To explain how the epigenome works, some have likened it to a symphony: the sheet music (genome) is the same, but can be expressed in vastly different ways depending on the group of players and their instruments (epigenome).

What do these methyl tags do exactly? These branched molecules of carbon and hydrogen typically are attached to cytosine (the “C” of DNA base pairs) and tell other proteins to go away—or, in some cases, to gather—turning the attached gene off or on. Acting as on/off switches or stop-and-go signals, millions of methyl tags pepper the genomes of your cells.

Ecker first became intrigued by the epigenome while studying Arabidopsis thaliana, a small flowering plant used for basic plant biology research. He and his colleagues wanted to know how many Arabidopsis genes were controlled by DNA methylation. But while methylation has been studied for decades, there was no good way to get a snapshot of all the methylation marks in a cell’s DNA. So Ecker created one.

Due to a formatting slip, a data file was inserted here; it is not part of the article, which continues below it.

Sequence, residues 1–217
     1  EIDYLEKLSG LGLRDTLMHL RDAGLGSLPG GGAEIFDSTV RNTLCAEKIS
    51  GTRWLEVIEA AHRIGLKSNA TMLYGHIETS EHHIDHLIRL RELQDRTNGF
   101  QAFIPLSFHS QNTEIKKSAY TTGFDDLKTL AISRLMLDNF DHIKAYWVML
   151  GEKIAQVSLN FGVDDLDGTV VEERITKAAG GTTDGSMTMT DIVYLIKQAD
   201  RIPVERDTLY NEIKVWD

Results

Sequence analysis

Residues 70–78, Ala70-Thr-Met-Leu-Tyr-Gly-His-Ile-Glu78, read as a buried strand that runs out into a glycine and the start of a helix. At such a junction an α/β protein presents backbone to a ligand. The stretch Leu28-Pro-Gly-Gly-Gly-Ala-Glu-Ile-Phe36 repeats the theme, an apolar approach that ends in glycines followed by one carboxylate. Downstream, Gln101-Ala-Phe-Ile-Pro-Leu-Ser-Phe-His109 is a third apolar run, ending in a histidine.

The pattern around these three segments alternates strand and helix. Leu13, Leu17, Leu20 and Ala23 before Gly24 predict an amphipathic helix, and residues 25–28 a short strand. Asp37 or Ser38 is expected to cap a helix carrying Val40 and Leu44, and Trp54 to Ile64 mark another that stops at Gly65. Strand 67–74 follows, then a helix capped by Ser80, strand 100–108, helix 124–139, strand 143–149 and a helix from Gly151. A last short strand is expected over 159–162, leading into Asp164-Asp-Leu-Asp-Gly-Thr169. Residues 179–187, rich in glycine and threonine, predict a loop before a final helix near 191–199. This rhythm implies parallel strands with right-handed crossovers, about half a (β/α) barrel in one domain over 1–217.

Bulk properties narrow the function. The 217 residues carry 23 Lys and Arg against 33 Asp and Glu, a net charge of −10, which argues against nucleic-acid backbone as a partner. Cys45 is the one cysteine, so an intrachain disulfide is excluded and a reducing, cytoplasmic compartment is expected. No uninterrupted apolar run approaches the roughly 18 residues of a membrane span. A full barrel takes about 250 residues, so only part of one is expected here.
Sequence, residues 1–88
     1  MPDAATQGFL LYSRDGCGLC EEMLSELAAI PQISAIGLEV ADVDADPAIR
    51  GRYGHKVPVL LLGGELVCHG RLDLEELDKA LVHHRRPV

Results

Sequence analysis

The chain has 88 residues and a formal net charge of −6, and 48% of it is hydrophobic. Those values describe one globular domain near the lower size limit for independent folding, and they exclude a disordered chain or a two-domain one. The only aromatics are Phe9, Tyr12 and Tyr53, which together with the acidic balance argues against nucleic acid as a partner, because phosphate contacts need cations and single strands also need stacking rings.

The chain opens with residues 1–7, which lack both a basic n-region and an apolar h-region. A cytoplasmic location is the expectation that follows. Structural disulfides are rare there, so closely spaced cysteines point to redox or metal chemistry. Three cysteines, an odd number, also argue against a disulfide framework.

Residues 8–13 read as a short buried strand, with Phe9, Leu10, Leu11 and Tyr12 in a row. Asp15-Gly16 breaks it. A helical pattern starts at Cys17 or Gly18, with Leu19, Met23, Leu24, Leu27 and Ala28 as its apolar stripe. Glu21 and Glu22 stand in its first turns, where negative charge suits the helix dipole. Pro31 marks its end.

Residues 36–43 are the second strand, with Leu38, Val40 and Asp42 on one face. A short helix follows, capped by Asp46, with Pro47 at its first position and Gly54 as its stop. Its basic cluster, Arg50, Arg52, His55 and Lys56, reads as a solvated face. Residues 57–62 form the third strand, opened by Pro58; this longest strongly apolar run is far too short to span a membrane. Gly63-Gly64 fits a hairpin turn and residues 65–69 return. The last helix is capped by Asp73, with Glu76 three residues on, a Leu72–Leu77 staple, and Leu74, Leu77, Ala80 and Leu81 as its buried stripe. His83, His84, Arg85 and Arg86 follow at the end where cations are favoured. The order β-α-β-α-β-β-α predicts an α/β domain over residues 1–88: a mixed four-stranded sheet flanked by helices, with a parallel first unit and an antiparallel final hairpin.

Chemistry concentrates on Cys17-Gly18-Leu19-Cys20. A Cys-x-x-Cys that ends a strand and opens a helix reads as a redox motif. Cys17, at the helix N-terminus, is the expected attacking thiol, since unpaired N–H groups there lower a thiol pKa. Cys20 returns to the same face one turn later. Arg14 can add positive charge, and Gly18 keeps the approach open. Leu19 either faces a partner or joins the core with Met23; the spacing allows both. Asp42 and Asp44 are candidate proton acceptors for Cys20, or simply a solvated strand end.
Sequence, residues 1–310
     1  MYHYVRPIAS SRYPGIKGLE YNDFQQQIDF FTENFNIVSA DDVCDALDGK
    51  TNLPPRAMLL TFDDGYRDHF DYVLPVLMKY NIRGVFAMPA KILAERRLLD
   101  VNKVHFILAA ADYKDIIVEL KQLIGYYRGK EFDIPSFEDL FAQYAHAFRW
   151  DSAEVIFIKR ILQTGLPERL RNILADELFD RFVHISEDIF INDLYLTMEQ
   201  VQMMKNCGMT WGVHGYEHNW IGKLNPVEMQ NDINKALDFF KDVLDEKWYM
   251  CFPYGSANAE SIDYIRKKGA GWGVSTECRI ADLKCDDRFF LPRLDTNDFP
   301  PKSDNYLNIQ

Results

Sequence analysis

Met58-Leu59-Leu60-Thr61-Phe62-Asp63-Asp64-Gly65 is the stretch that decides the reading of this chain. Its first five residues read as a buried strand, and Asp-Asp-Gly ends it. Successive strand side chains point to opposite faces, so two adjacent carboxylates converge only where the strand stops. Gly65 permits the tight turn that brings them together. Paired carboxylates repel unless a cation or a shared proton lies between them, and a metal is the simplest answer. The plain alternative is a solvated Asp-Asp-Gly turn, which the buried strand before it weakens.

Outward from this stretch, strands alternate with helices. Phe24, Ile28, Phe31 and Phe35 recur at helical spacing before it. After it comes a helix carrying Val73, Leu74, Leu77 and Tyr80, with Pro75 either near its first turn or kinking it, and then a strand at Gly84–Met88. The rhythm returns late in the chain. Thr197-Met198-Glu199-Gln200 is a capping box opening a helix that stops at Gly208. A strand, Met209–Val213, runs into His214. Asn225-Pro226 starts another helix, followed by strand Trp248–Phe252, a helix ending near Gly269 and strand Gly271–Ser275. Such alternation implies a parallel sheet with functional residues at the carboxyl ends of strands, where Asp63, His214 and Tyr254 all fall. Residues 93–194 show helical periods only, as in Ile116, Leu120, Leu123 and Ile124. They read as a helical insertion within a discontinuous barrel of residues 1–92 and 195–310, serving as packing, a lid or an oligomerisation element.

His lab designed a method called MethylC-Seq, which entails several chemistry techniques that break DNA into small pieces to process them through high-speed computers and technology such as sequencers built by the San Diego-based company Illumina. The resulting data allows scientists to, for the first time, see and quantify those methyl marks on the 3-billion-base genome. “MethylC-Seq allows us to extract that information from the invisible (methylated cytosine) and make it visible,” says Ecker, who is also a Howard Hughes Medical Institute and Gordon and Betty Moore Foundation investigator.

MethylC-Seq displays this methylation in patches of yellow, letting Ecker’s team compare different cells in one organism or across organisms to search for links, for instance, between aberrant DNA methylation and disease. Ecker’s methods have led to the first maps of the epigenome for plants and also animal cells, including humans, which has shown evidence that methylation increases from birth to adulthood. His major publication in 2015 in Nature provided, for the first time, details into the epigenome of a variety of tissues from organ donors of different genders and ages.